The town of Pag have a rich offer of the ancient monuments, culinary delights and an entirely different nature with magically beautiful stone scenery.
Medieval Pag emerged near the salterns where the abandoned Old Town used to be, 3 kilometres (2 miles) south of the present location. According to historical documents, the name Pag was mentioned for the first time in the 10th century. In 976, the Croatian king Stjepan Držislav took Pag from the Byzantine authority and appointed a Croatian district Prefect as the administrator of the town.
In 1244 Hungarian-Croatian king Béla IV granted Pag the status of a free royal town. After the rebellion against Zadar, Pag obtained partial autonomy, and Ludovic I acknowledged its full autonomy in 1376 as to all other Dalmatian towns. In the battles against Zadar which took place in 1394 Pag suffered a heavy defeat and devastation, and the inhabitants moved to a new location, where the present Pag was founded.
In 1403, King Ladislav sold his share of Dalmatia, Pag included, to Venice and thus sentenced Pag to a centuries-long life under Venetian rule. In 1433 Pag received the Town Statute, one of the first documents of that sort in Croatia.
In the middle of the 15th century, the Ottoman threat kept rising and therefore the inhabitants of Pag decided to build a new town. The construction works began on today’s location of the town, on 18 May 1443. The urban plans of the new town were developed in Venice respecting the principles of architecture and urbanism of that time. Giorgio da Sebenico, a great constructor and sculptor participated in the development of the urban plan.
In the 19th century, the town was ruled by the Austrian monarchy, Dalmatia Province, until the creation of the Kingdom of Serbs, Croats and Slovenes in 1918, under the bilingual name Pag-Pago.
In the late 19th century and the early 20th century, the town of Pag had 4700 inhabitants. In later years, and especially in 1905, following the emergence of a blight, which had destroyed the vineyards, the population started declining. Many inhabitants emigrated, mostly to the USA, Canada and Australia.
Another wave of depopulation of Pag town and island took place at the end of the Second World War. In this period, the nobility completely ceased to exist.
During the Croatian War of Independence in 1991, the only link between southern and northern Croatia was the island Pag, thanks to the bridge that connects it to the mainland on the south and a ferry line on the north of Pag.
In 1443 the new town was founded and built according to new principles of town-planning. The longitudinal and the transversal streets, the latter known as Vela ulica, intersect at a right angle, forming in this way a rectangular square with the Collegiate Church, the Duke’s Palace and the unfinished Bishop’s Palace, which, as well as the town walls, were built by the famous mason and sculptor Giorgio da Sebenico.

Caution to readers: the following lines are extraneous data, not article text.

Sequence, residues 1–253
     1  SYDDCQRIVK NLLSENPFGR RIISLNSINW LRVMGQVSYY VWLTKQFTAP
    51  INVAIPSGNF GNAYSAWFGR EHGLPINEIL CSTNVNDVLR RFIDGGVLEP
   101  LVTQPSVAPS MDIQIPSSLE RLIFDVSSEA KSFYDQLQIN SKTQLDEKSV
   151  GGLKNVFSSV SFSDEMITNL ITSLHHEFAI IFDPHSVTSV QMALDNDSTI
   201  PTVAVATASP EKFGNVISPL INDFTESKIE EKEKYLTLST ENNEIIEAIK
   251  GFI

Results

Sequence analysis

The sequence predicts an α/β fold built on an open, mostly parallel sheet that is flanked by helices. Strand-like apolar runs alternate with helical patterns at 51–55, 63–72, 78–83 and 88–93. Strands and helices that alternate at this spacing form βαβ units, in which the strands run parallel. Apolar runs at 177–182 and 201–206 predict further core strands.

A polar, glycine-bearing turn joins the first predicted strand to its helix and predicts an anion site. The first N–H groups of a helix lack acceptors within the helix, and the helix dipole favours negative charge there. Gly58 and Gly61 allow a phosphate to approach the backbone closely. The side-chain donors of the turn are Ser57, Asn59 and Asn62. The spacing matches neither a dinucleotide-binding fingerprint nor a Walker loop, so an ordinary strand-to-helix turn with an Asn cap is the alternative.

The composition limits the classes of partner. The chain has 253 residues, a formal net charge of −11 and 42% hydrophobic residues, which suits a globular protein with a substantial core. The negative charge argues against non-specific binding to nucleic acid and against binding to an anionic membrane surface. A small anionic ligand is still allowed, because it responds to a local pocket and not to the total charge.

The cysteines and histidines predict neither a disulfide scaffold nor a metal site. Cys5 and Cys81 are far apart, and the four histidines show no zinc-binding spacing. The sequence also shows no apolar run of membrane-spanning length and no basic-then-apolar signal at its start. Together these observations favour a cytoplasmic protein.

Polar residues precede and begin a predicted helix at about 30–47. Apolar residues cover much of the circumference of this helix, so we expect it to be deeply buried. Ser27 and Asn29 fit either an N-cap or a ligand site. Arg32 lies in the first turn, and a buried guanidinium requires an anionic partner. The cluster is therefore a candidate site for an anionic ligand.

The Collegiate Church is a three-nave basilica with three apses. The simple front is decorated with a Gothic portal, a Renaissance rosette and unfinished figures of the saints. In 1466 Juraj Dalmatinac became supervisor of the construction works on the church, while the building itself was carried out by his disciples; finished not before the beginning of the 16th century; restored in the 18th century, when the stucco work on the ceiling was performed. The church accommodates valuable works of art: the altar painting Our Lady of the Rosary, the Gothic wooden cross, and the silver processional crucifix and reliquaries are safeguarded in the treasury. The bell tower with its present height was erected in 1526.
In the Benedictine church of St. Marguerite, constructed after the plan of Juraj Dalmatinac, a silver processional cross and reliquaries are kept. The church of St. George, bearing Renaissance features, is a work of local masons from the 16th century.
There are several houses and smaller palaces with Renaissance façades, portals and coats of arms of local noble families in the town.
The Old Town includes partially preserved walls and the main church, a three-nave basilica built in the Romanesque style; the fronts of the Romanesque and Gothic styles were built in 1392 by the sculptor Paul from Sulmona. The ruins of a Franciscan monastery from 1589 are near the church.
Pag Town is also the place of origin of Paška čipka, the famous lacework whose first mention is related to sisters of the Order of Saint Benedict in 1579.
(Source: tzpag.hr, wikipedia.org)